Tsetang (Tibet, China)
According to Simplyyellowpages, Tsetang is located near Lhasa at an altitude of 3550 m. The city itself is not very interesting. Tsetanga Monastery, founded in the middle of the 14th century, was completely destroyed during the “cultural revolution”. However, Tsetang is a kind of gateway to the valley of the Brahmaputra River (locally called Yarlung), on the banks of which it is located. The valley of this river is considered the cradle of Tibetan civilization. It was here in the middle of the III century. arose, according to Tibetan legends, the first Tibetan state. And in the 7th century. the ruler of this region, Sogtsen Gampo, united all of Central Tibet under his rule.
Near Tsetang is the mountain Gangpo Ri, sacred to all Tibetans.(Gangpo Ri) with a height of 4130 m, which, according to legend, is the birthplace of the first Tibetans. According to legend, on the slope of this mountain, in the cave, which is now called the Monkey Cave, the bothisattva Avalokiteshvari meditated in the form of a monkey. Here he was seen by the female demon Simpo, who managed to seduce the bodhisattva. As a result of this connection, six children were born, who became the ancestors of the Tibetan people. Trandruk Palace and Monastery is located
7 km south of Tsetang. It was built in 641 during the reign of Songtsen Gampo and is the oldest monastery in Tibet. Trandruk served as the winter residence of Songtsen Gampo and Princess Wencheng. The famous tanka (thangka is a picture of religious content on brocade, stretched between two sticks) is kept here, on which an image of the Buddha is composed of 29,000 pearls. The tank is 2 m long and 1.2 m wide.
A few kilometers to the south rises one of the most famous sights of Tibet – the tower of Yambulangang (Yumbulangang). Its foundation dates back to the reign of the first kings of the Yarlung dynasty. According to the general opinion, Yambulangang was built as a royal residence and its appearance at that time was significantly different from today. What can be seen today is of a later origin.
According to the legends, the first Tibetan Scripture descended from Heaven here. 40 km west of the city is the first monastery in Tibet, in which the monks lived – Samye Monastery. The approximate date of its foundation lies between 765 and 780. In the Western Temple (Jampa Ling) in 792-794. The “Great Debates” between the Indian Mahayanists and the Chinese adherents of Ch’an Buddhism took place, ending in a complete victory for the Mahayanists.
The main temple (Samye Utse), symbolizing the center of the universe (the mythical Mount Meru), is surrounded by four temples symbolizing the continents, eight for each subcontinent, solar in the south and lunar in the north. The main building has three floors. The first of them is built in the style of Tibetan architecture, the second – in the Han style, and the third – in the Indian style. The monastery bells are cast in bronze, and the outside of the building is decorated with marble lions and tablets with the history of Buddhism. Qingpu caves are located 15 km northeast of the monastery.(Qingpu Shandong). The caves were the retreat of Tibetan monks and the first monasteries. This place is one of the most popular among pilgrims. Rinpoche (Guru Rinpoche) preached here. He is credited with the footprint left on the Guruta rock. In one of the caves, the translator of Buddhist texts, Vairocana, spent 12 years. In the vicinity of the caves there is a small shop and you can set up a camp.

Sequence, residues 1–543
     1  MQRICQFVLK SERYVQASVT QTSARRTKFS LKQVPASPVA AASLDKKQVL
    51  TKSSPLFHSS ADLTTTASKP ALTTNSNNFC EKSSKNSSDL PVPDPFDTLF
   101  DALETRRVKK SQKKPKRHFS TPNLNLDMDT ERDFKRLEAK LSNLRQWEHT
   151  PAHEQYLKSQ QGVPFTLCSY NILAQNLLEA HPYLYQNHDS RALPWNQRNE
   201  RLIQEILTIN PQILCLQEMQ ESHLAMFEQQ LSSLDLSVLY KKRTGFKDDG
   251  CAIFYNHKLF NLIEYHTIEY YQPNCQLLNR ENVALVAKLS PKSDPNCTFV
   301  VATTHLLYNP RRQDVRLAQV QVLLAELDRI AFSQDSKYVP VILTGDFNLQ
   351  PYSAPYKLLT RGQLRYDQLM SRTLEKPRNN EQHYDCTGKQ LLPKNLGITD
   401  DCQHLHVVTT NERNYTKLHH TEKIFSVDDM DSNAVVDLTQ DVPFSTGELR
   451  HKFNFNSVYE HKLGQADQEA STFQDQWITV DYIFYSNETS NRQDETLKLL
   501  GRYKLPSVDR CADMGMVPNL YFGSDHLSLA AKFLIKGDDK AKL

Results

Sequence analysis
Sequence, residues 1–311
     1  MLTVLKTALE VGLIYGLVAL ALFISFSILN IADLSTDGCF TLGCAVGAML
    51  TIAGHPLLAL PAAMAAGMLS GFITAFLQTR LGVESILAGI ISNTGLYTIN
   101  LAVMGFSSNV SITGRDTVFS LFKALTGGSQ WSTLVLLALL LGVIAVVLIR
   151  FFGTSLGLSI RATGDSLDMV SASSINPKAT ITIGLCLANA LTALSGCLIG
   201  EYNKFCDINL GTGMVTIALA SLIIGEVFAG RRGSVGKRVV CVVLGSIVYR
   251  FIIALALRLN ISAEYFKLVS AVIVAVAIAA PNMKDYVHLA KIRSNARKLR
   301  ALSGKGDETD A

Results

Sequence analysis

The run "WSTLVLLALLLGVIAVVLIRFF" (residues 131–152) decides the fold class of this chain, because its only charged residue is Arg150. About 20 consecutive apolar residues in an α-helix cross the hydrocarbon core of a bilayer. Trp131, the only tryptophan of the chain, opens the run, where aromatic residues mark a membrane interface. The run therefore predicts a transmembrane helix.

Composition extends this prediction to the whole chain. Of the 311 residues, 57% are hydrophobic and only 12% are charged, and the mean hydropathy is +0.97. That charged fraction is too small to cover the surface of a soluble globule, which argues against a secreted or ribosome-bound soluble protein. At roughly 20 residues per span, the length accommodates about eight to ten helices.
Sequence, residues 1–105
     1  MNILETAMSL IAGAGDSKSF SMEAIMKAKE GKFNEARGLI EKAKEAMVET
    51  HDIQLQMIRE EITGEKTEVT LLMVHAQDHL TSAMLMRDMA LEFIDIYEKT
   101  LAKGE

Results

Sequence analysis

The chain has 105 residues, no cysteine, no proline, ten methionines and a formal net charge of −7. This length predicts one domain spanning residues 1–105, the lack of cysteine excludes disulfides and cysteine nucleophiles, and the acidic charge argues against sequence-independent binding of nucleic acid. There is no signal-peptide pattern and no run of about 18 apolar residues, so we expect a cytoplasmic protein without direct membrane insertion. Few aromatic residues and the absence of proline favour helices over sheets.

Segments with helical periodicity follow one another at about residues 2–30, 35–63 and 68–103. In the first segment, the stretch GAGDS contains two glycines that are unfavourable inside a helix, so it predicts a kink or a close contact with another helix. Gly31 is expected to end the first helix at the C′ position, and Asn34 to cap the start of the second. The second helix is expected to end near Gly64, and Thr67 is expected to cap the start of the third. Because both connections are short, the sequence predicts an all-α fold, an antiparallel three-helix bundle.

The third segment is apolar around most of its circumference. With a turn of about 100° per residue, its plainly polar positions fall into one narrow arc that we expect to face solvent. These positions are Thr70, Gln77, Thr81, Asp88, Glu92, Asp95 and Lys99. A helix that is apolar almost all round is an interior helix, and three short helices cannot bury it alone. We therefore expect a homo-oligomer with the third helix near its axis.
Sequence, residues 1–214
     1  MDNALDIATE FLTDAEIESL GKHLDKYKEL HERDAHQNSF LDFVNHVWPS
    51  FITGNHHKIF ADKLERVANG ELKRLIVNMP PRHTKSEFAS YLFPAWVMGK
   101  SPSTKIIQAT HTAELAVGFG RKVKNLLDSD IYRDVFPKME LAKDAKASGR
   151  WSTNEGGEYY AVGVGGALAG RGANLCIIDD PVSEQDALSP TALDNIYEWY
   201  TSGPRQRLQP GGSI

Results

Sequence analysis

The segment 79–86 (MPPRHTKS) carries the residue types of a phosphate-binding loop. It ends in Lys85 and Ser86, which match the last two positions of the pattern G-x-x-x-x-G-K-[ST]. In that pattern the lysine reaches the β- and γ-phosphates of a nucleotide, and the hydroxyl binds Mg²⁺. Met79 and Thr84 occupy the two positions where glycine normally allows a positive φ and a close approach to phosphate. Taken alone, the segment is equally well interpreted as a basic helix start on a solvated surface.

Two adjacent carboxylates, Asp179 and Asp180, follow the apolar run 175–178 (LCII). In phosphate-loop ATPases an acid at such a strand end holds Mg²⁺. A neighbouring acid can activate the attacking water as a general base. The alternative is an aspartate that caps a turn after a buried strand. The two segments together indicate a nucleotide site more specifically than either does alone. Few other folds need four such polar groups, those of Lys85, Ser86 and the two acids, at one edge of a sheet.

Shigatse (Tibet, China)
Shigatse (Shigatse) is the second largest city in Tibet, the center of the province of Tsang. About 50 thousand people live in the city.
Shigatse is located at an altitude of 3900 m, 250 km southwest of Lhasa. In the past, it was an important commercial and administrative center. King Tsang-a, who once made a lot of money on trade, lived and ruled from the fortress of Dzong. We can now judge the power of the king only by the ruins of his bastions, from which a wonderful panorama of the entire valley opens.
Like many Tibetan cities, Shigatse is divided into Chinese and Tibetan parts. However, almost nothing remained of the Tibetan part, except for the noisy city bazaar.
The main attraction is built in the middle of the XV century. Tashilhunpo Monastery, which was the seat of the second most important hierarch of the lamaist teachings – the Panchen Lama. Over time, the monastery became the largest center for the study of philosophy in Tibet. The monastery houses a unique 26-meter statue of Buddha Maitreya, made under the supervision of the ninth Panchen Lama in 1914. The statue took 300 kg of pure gold and four years of work of 900 workers. Shalu Monastery is located
20 km southeast of Shigatse. (Shalu), built in 1087. Its appearance combines elements of Tibetan and Chinese architecture. The monastery is known for its frescoes, sandalwood niches carved with scriptures, and vessels of holy water said to last for years.